Three degrees of Reid Hoffman

@FortuneMagazine January 24, 2012: 6:49 AM ET
The founder of LinkedIn and an early investor in the likes of Zynga and Facebook has taken social networking to a new level - both professionally and personally.

The founder of LinkedIn and an early investor in the likes of Zynga and Facebook has taken social networking to a new level - both professionally and personally.

FORTUNE -- One day last fall, Reid Hoffman, the social networking guru and founder of LinkedIn (LNKD), woke up at the MGM Grand in Las Vegas, where he breakfasted with Magic Johnson and then spoke to a few hundred HR professionals. On a flight to San Francisco he scarfed down a turkey sandwich while I quizzed him, then sat for the closing interview at the Web 2.0 Summit. While catching up with friends in the greenroom, he took a call from a board member. Next: dinner with Microsoft (MSFT, Fortune 500) CEO Steve Ballmer and guests before -- finally -- retiring to his Palo Alto home. This, says Hoffman, is pretty much a normal day. "I don't know what the opposite of a sociopath is," says his close friend, investor and PayPal veteran Peter Thiel, "but he is that."

Hoffman, 44, is a polymath with degrees from Stanford (symbolic systems) and Oxford (philosophy). But he owes his success to his ability to navigate the ever-expanding group of people he calls his tribe. His MO is making time for people because their ideas are interesting rather than potentially profitable; he is quick to offer favors for friends. In 2007, when Bret Taylor launched Friendfeed, the company he sold to Facebook, Hoffman offered him detailed feedback on his product strategy. "He sets an example for how entrepreneurs should help each other," says Taylor, now Facebook's CTO.

Hoffman's ability to both grasp technology changes and connect on a deeply human level has made him one of Web 2.0's biggest winners. He started the very first social networking website, Socialnet.com, back in 1997 when Mark Zuckerberg was still in middle school. He later helped broker Facebook's first $500,000 investment (kicking in $40,000 of his own). He founded LinkedIn when the idea of sharing your little black book was career suicide; now it has 135 million users. And he has had a hand in nearly every other big Web 2.0 company, including Friendster, Digg, and Zynga (ZNGA).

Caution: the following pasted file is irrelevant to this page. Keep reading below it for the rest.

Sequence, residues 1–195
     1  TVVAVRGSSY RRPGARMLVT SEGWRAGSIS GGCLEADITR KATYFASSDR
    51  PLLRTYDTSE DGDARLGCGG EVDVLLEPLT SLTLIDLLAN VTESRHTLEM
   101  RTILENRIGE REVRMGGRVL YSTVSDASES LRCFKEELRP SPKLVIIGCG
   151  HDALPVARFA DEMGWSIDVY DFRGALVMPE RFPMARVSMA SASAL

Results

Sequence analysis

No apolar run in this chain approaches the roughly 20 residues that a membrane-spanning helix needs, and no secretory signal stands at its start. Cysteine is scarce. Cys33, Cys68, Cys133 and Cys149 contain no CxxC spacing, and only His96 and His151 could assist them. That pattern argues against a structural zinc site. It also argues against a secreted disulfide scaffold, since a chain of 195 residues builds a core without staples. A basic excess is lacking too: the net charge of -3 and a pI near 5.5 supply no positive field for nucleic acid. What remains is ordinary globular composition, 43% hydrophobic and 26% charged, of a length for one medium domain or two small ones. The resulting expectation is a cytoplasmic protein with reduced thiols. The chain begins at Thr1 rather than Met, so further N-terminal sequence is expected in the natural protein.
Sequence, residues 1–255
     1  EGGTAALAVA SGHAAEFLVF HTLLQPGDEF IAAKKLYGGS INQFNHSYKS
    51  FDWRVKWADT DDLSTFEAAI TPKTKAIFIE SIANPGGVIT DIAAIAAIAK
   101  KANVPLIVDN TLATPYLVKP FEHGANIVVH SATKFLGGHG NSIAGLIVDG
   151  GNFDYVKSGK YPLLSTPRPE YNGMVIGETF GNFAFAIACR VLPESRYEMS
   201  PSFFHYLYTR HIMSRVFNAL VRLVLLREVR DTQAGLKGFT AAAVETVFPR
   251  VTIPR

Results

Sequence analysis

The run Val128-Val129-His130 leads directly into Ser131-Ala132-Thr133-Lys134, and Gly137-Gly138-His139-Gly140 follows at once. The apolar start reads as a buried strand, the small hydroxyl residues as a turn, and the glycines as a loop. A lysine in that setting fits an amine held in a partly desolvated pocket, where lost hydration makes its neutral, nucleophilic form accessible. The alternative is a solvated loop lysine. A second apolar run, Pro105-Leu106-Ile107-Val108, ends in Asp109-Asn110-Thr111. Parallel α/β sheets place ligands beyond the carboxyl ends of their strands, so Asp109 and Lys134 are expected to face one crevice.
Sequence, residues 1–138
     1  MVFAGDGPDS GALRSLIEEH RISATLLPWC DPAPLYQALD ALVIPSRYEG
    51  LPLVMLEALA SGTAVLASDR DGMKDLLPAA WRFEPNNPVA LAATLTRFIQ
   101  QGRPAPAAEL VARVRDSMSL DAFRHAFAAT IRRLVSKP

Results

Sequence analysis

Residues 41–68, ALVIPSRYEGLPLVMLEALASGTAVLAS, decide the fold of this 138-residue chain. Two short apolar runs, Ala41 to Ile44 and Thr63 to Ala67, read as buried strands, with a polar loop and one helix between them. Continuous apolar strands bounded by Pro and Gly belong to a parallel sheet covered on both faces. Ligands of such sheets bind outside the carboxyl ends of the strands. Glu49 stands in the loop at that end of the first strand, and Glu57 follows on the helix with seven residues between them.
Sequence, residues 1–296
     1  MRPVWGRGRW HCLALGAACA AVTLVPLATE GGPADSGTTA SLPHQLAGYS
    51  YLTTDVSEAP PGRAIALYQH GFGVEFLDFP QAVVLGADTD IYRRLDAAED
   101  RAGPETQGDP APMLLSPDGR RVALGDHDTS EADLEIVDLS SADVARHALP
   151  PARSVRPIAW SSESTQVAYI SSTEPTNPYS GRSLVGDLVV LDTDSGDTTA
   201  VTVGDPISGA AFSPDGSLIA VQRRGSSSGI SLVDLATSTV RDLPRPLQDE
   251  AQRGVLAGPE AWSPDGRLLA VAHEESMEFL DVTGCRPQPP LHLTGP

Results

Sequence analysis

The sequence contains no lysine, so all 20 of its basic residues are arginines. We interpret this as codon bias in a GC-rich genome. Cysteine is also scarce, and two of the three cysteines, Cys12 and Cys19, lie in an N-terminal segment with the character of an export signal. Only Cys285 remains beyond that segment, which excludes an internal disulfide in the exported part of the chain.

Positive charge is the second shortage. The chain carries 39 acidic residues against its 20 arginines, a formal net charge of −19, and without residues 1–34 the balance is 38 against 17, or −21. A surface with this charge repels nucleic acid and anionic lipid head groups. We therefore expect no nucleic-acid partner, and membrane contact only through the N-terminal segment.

In 2009, Hoffman joined venture firm Greylock, where he runs a seed fund and helps manage a portfolio of nearly 100 companies, including Groupon (GRPN), Tumblr, and AirBnb. With LinkedIn's IPO and other investments, Hoffman is worth some $1.5 billion. Now comes his book, The Start-Up of You, in which he shares tips on building a great career. Paramount among them: being an authentic networker. After all, Hoffman has 800 Facebook friends and 2,579 LinkedIn connections, and sits on six corporate and four nonprofit boards. At meetings he spreads out no fewer than five screens -- iPads, Androids -- to keep up with contacts. That skill has helped Hoffman recruit to Greylock such web stars as former Mozilla CEO John Lilly. Hoffman now believes that the defining principle of the web's next innovation cycle is data. "We are generating a massive amount," he says. "What are we inventing?" It's one of the first questions he asks everyone he meets. The other: "How can I help you?

This article is from the February 6, 2012 issue of Fortune. To top of page

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